We dress using the layering principle, which makes it easy and quick to adjust for temperature, precipitation, and wind.
Shell jacket – A light waterproof shell version, which, when stowed away in the backpack, doesn’t take up too much space, is perfect. It should have a good hood, vents under arms, and be made of good quality materials (E.g., Goretex).
Note: Insulated ski jackets are not recommended for ski touring, as they get too warm and often are too heavy and bulky. They are also slow to dry when wet.
Pants – 2 possible setups
- Sturdy Shell pants
- A durable pair of gore-tex salopettes with a few pockets that can zip up on the side for ventilation.
- Base-layer – Long underwear base-layer pants. You can bring a thin and thicker pair to cater to different temperatures. (Light and warm version).
- Guide Pant Setup
- Shell pants – Light shell version, which doesn’t take much space being “packed” in the backpack.
- Guide pants – This type of pants is great for ski touring. Made of a stretchy material,” Scholler”, they are comfortable and weatherproof. While they aren’t 100% waterproof, they ventilate better than gore-tex pants. If you have such pants, you should only have a pair of light-shell pants as a backup for bad weather. Make sure that you can wear them with your ski boots on.
- A light base layer for use on cold days.
Base layers – Long sleeve upper base layer and long base layer bottom. You can adjust these to be either a light or warm version. If you are doing a hut-night, it is a good idea to bring an extra short-sleeved t-shirt version, so you can change from the one you used touring.
Mid-layer – A mid-grade fleece sweater or jacket is great.
Extra warm layer – Light fibre and down jacket.
Warm hat – Should cover your ears.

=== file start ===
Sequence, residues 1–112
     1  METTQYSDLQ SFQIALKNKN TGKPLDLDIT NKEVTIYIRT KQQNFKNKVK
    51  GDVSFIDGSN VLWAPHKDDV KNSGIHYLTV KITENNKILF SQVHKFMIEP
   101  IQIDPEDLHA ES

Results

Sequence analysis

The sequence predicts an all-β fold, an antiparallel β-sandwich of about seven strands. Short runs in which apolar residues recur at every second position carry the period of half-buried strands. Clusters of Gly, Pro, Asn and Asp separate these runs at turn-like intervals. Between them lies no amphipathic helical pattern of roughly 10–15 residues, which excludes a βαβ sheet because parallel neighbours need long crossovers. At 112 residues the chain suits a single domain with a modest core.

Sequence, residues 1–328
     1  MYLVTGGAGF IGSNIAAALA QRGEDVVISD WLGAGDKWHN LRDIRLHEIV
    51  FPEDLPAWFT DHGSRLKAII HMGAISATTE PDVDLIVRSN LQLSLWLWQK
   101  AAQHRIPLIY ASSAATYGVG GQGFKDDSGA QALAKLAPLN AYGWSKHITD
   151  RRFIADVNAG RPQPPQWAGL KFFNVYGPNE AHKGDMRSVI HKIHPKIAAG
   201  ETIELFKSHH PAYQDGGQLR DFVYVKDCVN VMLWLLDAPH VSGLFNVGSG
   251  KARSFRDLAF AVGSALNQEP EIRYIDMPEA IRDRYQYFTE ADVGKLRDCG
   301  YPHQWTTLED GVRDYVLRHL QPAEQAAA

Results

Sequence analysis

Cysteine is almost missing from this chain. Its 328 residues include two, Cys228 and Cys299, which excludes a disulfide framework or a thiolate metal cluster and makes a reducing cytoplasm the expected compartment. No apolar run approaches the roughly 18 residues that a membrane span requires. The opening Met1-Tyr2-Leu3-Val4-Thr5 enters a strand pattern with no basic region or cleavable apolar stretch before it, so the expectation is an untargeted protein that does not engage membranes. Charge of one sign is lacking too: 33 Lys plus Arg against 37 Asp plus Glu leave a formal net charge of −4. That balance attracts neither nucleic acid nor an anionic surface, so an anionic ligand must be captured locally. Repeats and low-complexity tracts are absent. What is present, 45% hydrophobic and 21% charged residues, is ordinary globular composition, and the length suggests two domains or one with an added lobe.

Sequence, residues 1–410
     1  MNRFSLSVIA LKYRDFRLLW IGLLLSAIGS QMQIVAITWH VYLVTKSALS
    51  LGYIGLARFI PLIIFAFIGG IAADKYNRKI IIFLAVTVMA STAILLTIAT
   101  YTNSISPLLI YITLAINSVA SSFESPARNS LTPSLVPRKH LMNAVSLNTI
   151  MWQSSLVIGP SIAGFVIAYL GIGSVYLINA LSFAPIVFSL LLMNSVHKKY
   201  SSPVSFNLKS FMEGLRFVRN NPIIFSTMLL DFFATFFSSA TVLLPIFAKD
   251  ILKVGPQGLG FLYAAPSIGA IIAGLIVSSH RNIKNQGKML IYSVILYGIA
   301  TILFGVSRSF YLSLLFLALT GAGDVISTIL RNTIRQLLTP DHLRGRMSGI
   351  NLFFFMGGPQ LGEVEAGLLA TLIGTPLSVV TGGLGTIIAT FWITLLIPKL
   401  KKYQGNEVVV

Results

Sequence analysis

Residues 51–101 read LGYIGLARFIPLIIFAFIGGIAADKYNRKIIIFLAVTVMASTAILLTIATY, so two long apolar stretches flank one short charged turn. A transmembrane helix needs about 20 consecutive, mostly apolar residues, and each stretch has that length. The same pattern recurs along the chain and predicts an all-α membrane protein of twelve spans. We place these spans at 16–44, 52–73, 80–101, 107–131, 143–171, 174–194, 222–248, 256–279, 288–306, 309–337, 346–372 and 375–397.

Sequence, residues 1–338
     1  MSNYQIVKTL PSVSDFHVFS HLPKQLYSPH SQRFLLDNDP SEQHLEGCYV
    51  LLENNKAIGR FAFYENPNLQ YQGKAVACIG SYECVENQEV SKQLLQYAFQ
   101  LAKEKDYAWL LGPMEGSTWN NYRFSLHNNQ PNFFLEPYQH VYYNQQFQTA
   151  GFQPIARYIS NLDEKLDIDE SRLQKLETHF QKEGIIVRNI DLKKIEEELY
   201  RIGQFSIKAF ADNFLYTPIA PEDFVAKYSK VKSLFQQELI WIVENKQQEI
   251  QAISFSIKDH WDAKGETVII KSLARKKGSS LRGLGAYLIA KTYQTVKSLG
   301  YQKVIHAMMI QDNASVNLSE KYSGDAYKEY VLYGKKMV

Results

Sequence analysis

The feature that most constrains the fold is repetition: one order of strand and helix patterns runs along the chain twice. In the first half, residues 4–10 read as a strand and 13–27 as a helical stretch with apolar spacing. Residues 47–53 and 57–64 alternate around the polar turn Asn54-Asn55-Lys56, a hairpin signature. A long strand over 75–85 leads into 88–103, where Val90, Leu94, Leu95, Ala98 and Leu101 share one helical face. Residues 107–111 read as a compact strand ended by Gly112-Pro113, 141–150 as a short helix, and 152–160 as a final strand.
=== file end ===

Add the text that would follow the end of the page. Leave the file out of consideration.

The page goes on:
Neck gaiter – Something that can warm your neck and protect against wind and bad weather. A “buff” or other balaclavas are great.
Warm gloves – Finger gloves – if you suffer from very cold hands, mittens are the choice.
Lightweight gloves – Lightweight yet durable and windproof gloves. We often use these more than our warmer gloves.
Socks – Choose a pair of socks that will keep you warm yet still fit well with the boots.
Head-lamp– make sure you have new batteries.
Sunglasses – Category 4
Ski goggles – For those bad weather days.
Water bottle – 1l water bottle. Water systems will freeze. If long tours, 1.5L is often enough.
Thermo Flask – 1/2l flask for those appreciating a warm drink on the mountain.
Snacks/sandwiches/energy bars – A few snacks for the day.
Suncream & sun-stick – Factor 30-50 is recommended.
Small first-aid – Pain killers, tape, Compeed (or other blister-kit), personal medicaments.
Camera – + spare batteri. A small digital pocket is perfect.
Personal items – Money, passport, social security card, insurance card, etc.
Phone – Type in the emergency number and keep it warm/dry during the day.
1 x T-shirt (easily drying version)
1 extra underwear
1 x extra socks
Book – Choose a small, light one. A “Kindle” is perfect
Sleeping bag liner – a light silk version is great
Backpack – A good ski touring backpack is durable and lightweight. The backpack must have straps or a system to carry skis comfortably. You should be able to attach an ice axe.
- Day Tours – A 30-40l backpack. On day tours, we can get away with a smaller backpack. Check with the guide.
- Hut-to-Hut – 40-45l back-pack. As we are bringing more items, you need a bit more space.
Ski touring boots* – We use ski touring boots with a good “walk-mode”, “Vibram-sole”, “tech binding inserts” and softer overall flex than more free-ride-related boots. It is worth buying your ski touring boots in a shop that has a good selection of boots and can do “boot-fitting”.
Touring skis* – You need a pair of touring skis that are relatively light yet good to ski on. A width of around 90-100mm is good, medium-flex, max 1500g/ski without bindings.
When renting a touring setup, they come mounted with bindings, skins, ski crampons, and ski poles. Make sure to rent touring boots in the shop or bring those you want to use so they can make sure they fit the bindings.
Touring bindings – If you put your own ski touring gear together, we advise you to get a pair of “tech bindings” (e.g. Marker Alpinist). Whatever model you choose, make sure they fit your boots, have a good heal-lift, and are of quality material.